It’s All Relative

One of the downsides to my new desktop is it isn’t exactly what you’d call mobile. I guess I was spoiled with my laptop; even though I didn’t drag it around much, I always had the option of unhooking the extra peripherals and plopping down on the couch next to my girlfriend. With the tower, not so much. This means that if I want to use the not inconsiderable computing power that is now at my disposal, I have to sequester myself in my office.

Every once in a while I’ll get fed up with this arrangement and drag my laptop back out. Sure, I won’t be able to play the newest games, but it’s much easier to type on than my tablet, and we can spend time together even while I’m blogging.

But holy cow does it seem slow now.

I know that it really hasn’t slowed down that much since I built my new computer. It just seems like it. Windows seems to take forever to load, programs respond more sluggishly (or at least seem to), et cetera. And it’s not like this is a new experience for me. This inevitably happens every time I upgrade my hardware. Maybe it’s exacerbated by how long I generally wait between upgrade cycles; intermediate upgrades would be less drastic, but are extremely hard to do on a laptop.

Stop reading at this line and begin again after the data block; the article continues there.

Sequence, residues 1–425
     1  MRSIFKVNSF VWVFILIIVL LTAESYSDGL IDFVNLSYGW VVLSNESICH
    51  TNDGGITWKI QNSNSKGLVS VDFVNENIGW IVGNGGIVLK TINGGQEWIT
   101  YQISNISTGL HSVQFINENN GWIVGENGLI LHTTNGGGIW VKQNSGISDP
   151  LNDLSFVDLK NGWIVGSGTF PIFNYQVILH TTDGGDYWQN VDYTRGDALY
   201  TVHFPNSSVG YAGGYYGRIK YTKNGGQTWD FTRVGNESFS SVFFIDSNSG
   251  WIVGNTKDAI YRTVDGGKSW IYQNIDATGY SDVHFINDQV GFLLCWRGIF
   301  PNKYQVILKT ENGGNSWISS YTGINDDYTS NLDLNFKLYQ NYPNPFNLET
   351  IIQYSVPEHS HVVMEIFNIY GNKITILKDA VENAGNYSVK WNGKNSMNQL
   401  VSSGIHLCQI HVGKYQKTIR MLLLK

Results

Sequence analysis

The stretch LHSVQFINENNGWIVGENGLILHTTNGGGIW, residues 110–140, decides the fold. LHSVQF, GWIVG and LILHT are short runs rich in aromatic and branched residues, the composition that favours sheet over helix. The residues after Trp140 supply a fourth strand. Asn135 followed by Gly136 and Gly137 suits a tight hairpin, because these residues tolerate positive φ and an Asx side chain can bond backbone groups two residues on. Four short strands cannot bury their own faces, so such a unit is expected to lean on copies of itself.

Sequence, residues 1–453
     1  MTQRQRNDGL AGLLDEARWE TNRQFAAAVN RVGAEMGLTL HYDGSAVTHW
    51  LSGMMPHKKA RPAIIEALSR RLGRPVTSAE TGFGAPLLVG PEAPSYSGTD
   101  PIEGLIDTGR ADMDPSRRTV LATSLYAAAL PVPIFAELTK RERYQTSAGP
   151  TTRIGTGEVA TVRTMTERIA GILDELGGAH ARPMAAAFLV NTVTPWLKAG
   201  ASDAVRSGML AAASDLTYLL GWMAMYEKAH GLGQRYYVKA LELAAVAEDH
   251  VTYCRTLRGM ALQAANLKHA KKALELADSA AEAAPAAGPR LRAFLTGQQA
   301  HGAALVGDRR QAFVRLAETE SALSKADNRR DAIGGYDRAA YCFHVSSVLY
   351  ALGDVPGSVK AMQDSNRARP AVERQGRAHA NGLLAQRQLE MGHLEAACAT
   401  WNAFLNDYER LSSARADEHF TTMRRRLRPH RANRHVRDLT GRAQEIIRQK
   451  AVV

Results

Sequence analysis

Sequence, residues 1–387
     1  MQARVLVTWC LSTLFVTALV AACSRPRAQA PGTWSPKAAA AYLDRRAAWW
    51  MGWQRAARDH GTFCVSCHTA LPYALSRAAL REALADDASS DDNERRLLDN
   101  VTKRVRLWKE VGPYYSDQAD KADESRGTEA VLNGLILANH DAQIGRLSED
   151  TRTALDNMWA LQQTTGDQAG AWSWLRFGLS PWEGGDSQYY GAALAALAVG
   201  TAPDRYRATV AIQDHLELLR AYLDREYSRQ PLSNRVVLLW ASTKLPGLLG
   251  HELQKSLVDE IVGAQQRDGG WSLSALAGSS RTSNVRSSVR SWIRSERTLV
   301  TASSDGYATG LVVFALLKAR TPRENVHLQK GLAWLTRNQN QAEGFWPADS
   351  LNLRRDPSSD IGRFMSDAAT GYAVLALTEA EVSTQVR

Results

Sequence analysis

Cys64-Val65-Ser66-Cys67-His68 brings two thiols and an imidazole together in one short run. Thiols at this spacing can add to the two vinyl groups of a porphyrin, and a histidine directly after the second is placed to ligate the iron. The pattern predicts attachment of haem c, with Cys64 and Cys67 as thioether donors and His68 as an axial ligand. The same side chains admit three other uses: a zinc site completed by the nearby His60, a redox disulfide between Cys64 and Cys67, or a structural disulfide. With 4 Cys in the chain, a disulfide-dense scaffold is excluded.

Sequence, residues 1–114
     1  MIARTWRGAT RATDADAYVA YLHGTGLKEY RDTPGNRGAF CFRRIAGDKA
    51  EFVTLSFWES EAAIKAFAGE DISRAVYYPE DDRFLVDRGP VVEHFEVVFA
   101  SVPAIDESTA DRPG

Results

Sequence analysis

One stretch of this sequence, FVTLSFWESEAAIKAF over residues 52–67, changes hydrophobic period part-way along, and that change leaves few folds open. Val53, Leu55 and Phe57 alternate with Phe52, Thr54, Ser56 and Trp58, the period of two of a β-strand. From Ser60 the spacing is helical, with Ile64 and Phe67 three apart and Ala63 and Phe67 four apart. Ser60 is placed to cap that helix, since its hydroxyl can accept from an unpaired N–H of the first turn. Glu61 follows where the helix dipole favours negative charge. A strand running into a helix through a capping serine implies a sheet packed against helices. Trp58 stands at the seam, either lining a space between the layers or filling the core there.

Don’t get me wrong, I love that I was able to build my own computer. It’s just that I miss the portability afforded by the laptop form factor. I’ve experimented a bit with network streaming and remote desktop applications, but either the technology isn’t there or our wireless network backbone just isn’t sturdy enough.

But even as I write this (on my laptop, sitting on the couch), I can feel the keyboard warming up, the battery running down, and I am reminded why I upgraded. I just wish the change in performance wasn’t thrown into such sharp relief.

Maybe I should install Linux?